KK's vast Central Market (Jin Tun Fuad Stephens; S 6.30am-6pm) occupies a long stretch of waterfront real estate in the middle of town. While it's not as interesting as the Night Market, it's fun to wander the aisles and watch as locals transact their daily business.
Sandwiched between the Central Market and the Night Market, the Handicraft Market (Filipino Market; Jin Tun Fuad Stephens; S 10am-6pm) is a good place to shop for inexpensive souvenirs. Offerings include pearls, textiles, seashell crafts, jewellery and bamboo goods, some from the Philippines, some from Malaysia and some from other parts of Asia. Needless to say, bargaining is a must!
On Sundays, a lively Chinese street fair takes over the entire length of Jalan Caya. If you're not digging the KK vibe, this manic market will change your mind.
Beyond the City Centre
Some of KK's best attractions are located beyond the city centre, and it's well worth putting in the effort to check 'em out.
MAR MARI CULTURAL VILLAGE
Located about 25 minutes outside of the city centre, the Mari Mari Cultural Village (019-820 4921; www.traversetours.com, Jin Kiansom; adult/child RM150/130) is the most interactive centre of its kind in all of Borneo. Visitors are taken on a three-hour show/tour (beginning at 10am, 3pm and 7pm), which winds through the jungle passing various tribal dwellings along the way. At each stop, tourists learn about the indigenous way of life, and can try their hand at a variety of interesting (and fun) activities, like traditional bamboo cooking, rice-wine making (and drinking!), fire starting, tattooing, blowpipe shooting etc. But the most fascinating part of the tour is little tribal titbits offered by your guide. For example, in the Dusun tribe, an immense stone would be placed at the entrance of a longhouse as a testament to the strength of warriors living inside. In the Lundaya tribe a knife must always be kept over the mouth of a rice wine bottle to ensure that no evil spirits mix with the wine. A short dance recital and delicious meal (lunch or dinner depending on the time of visitation) are included in the visit - the centre, must be notified of any dietary restrictions in advance. A trip to the cultural village can be combined with a white-water rafting tour (see opposite for more information).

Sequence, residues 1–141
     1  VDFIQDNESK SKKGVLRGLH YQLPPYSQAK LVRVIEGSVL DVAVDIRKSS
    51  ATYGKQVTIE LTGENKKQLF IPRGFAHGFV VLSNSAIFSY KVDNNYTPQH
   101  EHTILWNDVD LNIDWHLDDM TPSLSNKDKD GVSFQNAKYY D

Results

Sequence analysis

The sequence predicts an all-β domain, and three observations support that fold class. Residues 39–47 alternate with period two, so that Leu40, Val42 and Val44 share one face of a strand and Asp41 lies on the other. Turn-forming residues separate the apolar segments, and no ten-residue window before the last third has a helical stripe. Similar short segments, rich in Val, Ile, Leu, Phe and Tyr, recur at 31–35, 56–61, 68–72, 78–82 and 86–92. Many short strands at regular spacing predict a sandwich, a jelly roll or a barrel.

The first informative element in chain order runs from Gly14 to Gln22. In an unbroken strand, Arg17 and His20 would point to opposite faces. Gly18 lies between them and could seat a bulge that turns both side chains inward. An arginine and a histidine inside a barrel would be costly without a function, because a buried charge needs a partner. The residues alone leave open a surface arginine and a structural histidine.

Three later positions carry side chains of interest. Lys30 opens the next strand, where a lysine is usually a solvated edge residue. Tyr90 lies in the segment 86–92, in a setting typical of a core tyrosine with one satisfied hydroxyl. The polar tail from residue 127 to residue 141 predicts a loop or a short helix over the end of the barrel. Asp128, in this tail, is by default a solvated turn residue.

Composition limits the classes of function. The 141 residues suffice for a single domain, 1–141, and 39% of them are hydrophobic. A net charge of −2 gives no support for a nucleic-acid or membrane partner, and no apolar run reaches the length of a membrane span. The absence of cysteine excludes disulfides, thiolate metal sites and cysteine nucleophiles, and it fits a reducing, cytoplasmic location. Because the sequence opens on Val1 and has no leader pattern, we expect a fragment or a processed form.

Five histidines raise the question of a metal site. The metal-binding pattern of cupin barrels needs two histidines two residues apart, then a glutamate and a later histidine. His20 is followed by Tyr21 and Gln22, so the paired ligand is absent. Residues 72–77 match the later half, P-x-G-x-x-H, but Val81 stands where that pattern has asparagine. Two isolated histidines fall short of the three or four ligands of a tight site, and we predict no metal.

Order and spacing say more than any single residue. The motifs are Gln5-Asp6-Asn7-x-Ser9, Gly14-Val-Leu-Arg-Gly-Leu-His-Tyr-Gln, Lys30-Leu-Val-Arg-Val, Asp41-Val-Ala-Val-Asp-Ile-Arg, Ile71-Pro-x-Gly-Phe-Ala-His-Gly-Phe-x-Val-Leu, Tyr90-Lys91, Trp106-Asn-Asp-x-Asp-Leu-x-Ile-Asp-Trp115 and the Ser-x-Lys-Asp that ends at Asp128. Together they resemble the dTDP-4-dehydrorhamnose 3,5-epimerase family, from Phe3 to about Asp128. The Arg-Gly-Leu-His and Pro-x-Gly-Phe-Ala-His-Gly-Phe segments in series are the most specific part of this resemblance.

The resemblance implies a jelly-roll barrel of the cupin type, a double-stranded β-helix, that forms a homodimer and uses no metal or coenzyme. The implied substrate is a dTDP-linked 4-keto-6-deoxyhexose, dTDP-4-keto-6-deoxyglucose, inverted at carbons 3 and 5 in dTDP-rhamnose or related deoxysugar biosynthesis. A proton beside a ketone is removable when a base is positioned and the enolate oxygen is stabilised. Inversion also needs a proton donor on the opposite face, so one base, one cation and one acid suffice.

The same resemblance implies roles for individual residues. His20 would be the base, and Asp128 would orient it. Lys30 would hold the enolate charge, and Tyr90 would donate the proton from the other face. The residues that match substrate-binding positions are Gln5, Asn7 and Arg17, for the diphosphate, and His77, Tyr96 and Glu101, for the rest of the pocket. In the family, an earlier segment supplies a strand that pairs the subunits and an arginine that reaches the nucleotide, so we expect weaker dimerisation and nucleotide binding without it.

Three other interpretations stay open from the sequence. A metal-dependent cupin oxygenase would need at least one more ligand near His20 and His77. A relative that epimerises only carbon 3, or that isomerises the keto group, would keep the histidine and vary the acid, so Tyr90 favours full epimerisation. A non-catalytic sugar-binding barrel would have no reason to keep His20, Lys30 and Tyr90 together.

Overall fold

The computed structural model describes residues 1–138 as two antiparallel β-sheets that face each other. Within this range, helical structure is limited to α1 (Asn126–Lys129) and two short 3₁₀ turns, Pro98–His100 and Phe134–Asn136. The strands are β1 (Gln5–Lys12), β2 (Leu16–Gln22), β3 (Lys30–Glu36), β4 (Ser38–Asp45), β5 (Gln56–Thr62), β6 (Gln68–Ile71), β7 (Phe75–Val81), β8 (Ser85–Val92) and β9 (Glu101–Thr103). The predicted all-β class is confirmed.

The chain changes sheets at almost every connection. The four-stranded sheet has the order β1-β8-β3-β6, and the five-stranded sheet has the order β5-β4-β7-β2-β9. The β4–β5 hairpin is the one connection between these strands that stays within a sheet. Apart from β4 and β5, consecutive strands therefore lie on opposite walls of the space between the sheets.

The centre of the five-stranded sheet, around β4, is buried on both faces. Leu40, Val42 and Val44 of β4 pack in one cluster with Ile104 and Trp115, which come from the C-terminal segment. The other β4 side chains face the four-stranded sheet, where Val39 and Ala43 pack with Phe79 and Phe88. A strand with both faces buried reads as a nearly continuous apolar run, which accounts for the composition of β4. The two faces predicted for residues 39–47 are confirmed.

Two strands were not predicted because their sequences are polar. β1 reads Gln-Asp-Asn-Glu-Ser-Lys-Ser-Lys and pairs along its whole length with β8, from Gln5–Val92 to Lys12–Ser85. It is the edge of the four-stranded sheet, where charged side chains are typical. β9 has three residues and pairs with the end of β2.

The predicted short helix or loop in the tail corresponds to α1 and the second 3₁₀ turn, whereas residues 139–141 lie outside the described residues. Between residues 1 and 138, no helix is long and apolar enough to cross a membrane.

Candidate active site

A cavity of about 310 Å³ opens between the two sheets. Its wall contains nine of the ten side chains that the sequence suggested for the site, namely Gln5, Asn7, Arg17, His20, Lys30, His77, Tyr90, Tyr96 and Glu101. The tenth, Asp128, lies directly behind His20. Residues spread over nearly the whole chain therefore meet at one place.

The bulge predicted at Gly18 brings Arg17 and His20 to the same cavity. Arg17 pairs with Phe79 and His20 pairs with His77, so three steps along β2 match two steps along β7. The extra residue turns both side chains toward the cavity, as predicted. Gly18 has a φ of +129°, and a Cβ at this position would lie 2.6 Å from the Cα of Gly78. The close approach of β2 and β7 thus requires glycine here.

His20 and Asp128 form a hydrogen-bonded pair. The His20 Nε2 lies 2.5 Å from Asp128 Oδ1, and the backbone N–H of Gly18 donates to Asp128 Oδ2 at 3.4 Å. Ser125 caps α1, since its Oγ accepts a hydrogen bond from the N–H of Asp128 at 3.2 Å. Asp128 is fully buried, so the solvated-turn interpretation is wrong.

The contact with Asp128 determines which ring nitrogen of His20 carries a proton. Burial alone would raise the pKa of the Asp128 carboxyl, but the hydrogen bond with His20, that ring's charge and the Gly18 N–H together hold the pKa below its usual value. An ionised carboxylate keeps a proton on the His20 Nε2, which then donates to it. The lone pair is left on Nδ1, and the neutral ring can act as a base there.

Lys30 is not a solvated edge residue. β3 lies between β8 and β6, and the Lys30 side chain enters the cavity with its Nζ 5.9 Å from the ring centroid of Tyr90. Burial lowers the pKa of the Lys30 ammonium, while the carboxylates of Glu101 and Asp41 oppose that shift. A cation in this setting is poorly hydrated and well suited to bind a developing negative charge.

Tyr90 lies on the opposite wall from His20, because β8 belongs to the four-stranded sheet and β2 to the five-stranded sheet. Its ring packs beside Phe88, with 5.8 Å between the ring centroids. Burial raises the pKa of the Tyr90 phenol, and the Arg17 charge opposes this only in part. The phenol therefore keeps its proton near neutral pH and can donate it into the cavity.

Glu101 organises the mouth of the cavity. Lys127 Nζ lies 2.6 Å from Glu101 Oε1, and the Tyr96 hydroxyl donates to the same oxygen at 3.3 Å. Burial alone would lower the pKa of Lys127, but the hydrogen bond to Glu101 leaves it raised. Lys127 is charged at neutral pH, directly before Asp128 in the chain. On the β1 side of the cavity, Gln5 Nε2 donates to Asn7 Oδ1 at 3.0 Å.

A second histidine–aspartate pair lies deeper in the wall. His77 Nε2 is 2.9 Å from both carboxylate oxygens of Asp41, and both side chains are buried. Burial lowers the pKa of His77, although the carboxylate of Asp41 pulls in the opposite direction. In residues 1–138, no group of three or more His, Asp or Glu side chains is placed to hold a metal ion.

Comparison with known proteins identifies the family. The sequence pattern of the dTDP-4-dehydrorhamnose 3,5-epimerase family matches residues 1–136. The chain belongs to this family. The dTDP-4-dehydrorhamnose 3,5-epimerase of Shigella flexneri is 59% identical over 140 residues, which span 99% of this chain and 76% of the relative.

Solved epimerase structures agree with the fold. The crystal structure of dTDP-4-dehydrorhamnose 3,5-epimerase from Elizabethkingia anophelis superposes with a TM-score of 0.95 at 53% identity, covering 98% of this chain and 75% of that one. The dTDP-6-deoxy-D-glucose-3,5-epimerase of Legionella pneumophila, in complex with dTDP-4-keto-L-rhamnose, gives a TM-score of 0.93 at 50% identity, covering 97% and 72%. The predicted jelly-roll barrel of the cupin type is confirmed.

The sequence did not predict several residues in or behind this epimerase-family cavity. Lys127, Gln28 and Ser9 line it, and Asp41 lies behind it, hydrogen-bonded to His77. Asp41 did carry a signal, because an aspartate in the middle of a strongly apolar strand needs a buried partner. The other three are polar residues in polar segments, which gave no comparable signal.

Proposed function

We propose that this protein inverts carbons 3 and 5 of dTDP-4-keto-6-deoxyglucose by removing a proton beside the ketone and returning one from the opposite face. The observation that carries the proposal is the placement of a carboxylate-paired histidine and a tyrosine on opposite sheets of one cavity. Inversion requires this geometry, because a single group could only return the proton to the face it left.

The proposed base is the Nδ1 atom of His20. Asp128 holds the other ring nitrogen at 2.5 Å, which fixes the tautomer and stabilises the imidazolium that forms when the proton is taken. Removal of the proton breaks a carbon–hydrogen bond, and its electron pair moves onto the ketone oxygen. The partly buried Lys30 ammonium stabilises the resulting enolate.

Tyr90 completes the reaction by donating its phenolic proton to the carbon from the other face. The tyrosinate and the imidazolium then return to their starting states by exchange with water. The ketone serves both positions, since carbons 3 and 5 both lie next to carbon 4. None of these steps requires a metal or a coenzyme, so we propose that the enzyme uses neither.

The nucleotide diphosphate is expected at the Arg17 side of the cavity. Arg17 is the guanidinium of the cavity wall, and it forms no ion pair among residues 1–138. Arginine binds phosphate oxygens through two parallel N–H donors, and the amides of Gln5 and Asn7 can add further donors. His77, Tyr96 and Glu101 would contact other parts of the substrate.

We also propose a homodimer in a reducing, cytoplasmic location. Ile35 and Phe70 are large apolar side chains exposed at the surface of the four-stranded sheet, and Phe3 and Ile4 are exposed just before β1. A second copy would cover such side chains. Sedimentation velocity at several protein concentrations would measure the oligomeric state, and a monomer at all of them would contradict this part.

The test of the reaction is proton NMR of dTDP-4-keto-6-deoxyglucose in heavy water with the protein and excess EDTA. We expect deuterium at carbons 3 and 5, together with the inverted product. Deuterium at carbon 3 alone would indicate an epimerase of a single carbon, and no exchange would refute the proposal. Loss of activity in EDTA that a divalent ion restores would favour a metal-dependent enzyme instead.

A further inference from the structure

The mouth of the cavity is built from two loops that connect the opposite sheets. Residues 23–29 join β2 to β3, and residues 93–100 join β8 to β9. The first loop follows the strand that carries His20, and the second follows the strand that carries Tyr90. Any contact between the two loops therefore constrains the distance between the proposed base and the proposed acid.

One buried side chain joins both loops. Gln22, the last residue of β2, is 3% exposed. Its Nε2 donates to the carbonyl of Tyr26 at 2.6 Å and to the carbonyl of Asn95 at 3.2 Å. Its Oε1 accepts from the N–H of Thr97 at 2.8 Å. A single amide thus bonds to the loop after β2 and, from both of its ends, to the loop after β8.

There is also a small chute - Kiansom Waterfall (RM1; dawn-dusk) - about 400m beyond the cultural village, which is easily accessible bv nrivate transport or on foot. The area around the cascade lends itself well to swimming and it's a great place to cool off after a visit to Mari Mari.
MONSOPIAD CULTURAL VILLAGE
In the small town of Penampang, about 13km south of KK, this high-quality Kadazan-Dusun cultural village (088-761336; www.monsopiad.com; RM65; O 8.30am-5pm) on the banks of Sungai Moyog is named after a legendary warrior and headhunter, whose direct descendants established this private heritage centre in 1996. The hefty entrance fee includes a tour, a dance performance and several activities (similar to Mari Mari). The highlight is the House of Skulls, which supposedly contains the ancient crania of Monsopiad's unfortunate enemies, as well as artefacts illustrating native rituals from the time when the bobolian (priest) was the most important figure in the community.
Many tour companies include Monsopiad on local itineraries. To get here independently, take a bus from central KK to Donggongon (RM1 j, where you can catch a minivan to the cultural village (RM1). You can also take a taxi or charter a minivan direct from KK for around RM35.
LOK KAWI WILDLIFE PARK
If you'd like to check out the orang-utans but won't make it out to Sepilok or the Kinabatangan, a visit to Lok Kawi Wildlife Park is highly recommended, especially for those with children in tow. There are plenty of other animals as well, from tarsiers to rhinos. Don't miss the giant aviary at the top of hill, with its ominous warning sign 'beware of attacking birds'!
It's best to arrive by 9.50am at the latest -feedings take place throughout the park at 10am. After the various feedings, an interactive show takes place at the stage around 11.15am everyday. After feeding time, most of the animals take their daily siesta - only the humans are silly enough to stay out in the scorching midday sun.
The 17B minibus goes to Lok Kawi (RM2). Visitors with a private vehicle can access the park via the Papar-Penampang road or the Putatan-Papar road. Travel agents offer half-day tours, or you can hire a taxi, which will cost around RM100, including a two-hour wait.